Cong facing crisis in NE, Mukul may play saviour in Meghalaya

Published: February 21, 2018 - 15:53

The on-going elections in northeastern states, among other things, are also playing a crucial role in deciding the future of the Congress party which once had a commanding position in the entire region.But the going has been more than tough for the grand old party which is struggling hard to retain power in Meghalaya, and which has simply failed to put up a befitting fight in Nagaland and Tripura.

"In the case of Nagaland, it is largely a case of missed opportunity. The Congress unit simply lacked the fighting instinct. Between 2016 and 2017, the regional NPF-led coalition government changed Chief Ministers thrice. The BJP was part of the coalition. In fact, the NPF split even at organisational level and yet Congress could not take the advantage," says Peang Kithan, a former Congress leader from remote Wokha district. 

During the February 27 elections, the Congress fielded only 19 candidates in the 60-member House.The Pradesh Congress tried to justify this by issuing a statement and said: "The decision is aimed at stopping the BJP and its alliance partner from compromising the rights of our people and our way of life." 

The Congress party also issued a statement saying it had directed its rank and file to back "secular party candidates to save the people from sinking in the 'Hindutva quicksand'." However, this was hardly convincing as most, if not all, of BJP candidates are Naga Christians. The BJP is contesting on 20 seats in alliance with a newly floated NDPP but Congress – which was a dominant force – is friendless.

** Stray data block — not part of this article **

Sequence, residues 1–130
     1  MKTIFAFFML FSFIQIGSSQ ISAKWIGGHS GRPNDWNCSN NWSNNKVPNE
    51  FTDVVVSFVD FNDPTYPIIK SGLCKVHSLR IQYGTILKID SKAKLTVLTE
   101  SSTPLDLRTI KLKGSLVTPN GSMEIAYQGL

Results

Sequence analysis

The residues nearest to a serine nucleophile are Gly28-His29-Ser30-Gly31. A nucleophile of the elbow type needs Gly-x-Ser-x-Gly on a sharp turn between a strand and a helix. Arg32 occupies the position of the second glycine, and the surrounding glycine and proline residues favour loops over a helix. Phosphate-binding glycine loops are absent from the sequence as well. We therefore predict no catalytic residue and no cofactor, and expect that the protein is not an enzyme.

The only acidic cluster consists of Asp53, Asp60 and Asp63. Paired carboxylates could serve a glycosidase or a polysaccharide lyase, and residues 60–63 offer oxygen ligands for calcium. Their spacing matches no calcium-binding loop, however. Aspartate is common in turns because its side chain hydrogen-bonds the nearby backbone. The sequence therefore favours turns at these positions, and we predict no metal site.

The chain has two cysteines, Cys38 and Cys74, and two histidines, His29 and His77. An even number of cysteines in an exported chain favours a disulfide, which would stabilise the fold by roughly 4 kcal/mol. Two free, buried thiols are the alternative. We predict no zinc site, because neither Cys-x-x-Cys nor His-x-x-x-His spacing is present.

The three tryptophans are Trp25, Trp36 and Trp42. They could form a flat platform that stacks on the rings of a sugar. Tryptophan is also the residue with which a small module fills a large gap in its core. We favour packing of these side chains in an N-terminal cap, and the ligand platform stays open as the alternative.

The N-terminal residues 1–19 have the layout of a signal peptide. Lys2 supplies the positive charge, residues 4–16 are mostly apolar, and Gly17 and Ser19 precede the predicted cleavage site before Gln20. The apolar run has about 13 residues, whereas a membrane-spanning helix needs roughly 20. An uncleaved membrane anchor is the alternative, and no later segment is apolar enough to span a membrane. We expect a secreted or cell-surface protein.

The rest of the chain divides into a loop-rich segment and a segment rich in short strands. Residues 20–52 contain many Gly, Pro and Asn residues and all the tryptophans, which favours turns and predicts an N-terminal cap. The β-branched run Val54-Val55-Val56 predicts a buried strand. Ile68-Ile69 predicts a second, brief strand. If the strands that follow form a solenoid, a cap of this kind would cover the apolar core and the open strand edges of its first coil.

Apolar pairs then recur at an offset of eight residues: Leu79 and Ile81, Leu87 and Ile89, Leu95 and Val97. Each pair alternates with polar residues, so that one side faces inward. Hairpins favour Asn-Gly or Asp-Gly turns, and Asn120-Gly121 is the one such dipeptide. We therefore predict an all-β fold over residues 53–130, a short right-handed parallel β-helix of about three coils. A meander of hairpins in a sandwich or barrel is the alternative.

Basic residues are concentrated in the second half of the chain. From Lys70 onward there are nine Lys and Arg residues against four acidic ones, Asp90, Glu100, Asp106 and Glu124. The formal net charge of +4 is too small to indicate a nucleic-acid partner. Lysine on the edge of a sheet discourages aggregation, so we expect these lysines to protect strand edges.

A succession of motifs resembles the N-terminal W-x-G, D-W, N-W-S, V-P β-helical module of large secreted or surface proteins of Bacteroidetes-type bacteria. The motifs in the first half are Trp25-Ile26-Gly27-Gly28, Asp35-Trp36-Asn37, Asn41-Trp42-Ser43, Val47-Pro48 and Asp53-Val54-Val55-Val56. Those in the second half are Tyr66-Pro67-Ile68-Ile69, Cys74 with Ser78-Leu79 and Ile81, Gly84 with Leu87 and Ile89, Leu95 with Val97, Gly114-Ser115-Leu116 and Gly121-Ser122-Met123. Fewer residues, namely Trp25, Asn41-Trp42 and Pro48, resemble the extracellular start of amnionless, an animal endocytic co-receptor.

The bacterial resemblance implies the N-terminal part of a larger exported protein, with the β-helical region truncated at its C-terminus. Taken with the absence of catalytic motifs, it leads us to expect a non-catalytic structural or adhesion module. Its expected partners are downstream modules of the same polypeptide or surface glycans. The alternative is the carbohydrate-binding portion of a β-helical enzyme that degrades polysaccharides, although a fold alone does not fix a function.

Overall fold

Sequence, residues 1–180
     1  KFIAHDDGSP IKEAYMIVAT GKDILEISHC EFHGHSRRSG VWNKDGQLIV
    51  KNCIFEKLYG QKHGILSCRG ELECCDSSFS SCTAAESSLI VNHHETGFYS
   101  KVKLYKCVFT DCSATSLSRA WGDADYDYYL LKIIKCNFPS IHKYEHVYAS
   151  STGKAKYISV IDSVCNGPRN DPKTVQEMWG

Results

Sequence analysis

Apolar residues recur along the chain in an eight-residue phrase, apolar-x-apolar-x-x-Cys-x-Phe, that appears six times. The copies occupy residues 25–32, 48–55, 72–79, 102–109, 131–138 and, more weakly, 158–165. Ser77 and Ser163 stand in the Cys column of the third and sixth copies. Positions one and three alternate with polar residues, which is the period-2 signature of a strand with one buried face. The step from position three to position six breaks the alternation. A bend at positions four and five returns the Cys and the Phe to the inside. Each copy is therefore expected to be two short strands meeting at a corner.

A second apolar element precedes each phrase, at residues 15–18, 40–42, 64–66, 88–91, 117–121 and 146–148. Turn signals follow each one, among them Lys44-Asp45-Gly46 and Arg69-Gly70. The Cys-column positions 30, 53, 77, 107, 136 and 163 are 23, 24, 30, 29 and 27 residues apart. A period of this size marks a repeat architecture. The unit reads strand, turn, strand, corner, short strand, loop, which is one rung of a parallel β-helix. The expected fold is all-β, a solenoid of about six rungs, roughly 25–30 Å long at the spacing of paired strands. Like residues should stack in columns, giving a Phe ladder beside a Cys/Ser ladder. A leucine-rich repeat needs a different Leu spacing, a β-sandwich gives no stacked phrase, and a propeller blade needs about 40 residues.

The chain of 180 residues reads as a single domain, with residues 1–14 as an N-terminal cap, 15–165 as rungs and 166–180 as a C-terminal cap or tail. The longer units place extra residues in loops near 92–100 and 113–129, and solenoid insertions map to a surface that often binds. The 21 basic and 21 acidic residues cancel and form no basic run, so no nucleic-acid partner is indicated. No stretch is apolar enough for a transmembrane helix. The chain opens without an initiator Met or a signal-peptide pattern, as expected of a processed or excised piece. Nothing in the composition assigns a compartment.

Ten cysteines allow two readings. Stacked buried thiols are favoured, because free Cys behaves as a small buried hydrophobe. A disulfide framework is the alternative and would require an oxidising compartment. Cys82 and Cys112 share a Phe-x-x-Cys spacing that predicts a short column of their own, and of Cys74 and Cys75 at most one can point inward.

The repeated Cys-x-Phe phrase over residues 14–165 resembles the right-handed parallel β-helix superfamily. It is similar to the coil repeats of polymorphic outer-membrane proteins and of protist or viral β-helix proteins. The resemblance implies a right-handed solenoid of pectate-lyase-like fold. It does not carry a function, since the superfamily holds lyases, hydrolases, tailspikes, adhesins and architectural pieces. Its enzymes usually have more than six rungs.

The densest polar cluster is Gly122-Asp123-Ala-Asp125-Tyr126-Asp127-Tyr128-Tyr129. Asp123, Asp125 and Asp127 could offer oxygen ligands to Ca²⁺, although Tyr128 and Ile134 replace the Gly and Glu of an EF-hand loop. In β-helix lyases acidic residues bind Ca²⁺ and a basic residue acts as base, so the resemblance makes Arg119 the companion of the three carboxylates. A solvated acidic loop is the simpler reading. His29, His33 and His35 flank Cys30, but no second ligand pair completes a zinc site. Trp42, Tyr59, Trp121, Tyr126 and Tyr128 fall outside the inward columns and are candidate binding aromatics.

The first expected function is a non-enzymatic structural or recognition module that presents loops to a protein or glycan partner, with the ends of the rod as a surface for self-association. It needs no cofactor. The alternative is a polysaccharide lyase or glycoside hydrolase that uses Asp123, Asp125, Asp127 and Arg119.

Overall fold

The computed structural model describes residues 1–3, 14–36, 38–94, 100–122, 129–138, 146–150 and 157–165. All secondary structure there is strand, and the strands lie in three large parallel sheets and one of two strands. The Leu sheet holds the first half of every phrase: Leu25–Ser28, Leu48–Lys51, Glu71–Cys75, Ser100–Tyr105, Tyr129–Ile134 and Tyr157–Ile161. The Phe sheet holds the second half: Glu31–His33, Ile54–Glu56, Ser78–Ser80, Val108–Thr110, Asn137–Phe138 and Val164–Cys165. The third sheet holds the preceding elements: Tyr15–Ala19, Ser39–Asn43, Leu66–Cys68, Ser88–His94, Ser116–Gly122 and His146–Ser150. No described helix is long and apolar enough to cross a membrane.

In 2013, the Congress tally in the 60-member House was eight and at later stage, all the members had quit the party. "The Congress-free state Legislative Assembly came in Nagaland," remarks Bishnu Bhattacharjee, NPF Minority Wing leader.

However, the blame game has started and a section of party leaders have heaped all the blame on the AICC in-charge north east, CP Joshi. The general refrain was about "high command not providing adequate funds." The decision to bring down the number of candidates actually shows the "existential crisis" as there was hardly any clamour for tickets.

Local workers also blame state unit president K Therie for running a "one-man show" and failing to carry a team along with him.

The Congress' lack of enthusiasm to fight it out has also opened rooms for other parties to establish their toehold. Even JD(U) is seeking to grow and so is Conrad Sangma’s NPP.The Congress really faces a do or die situation in Nagaland where it lost power in 2003 after 10 years of continued rule from 1993. 


 

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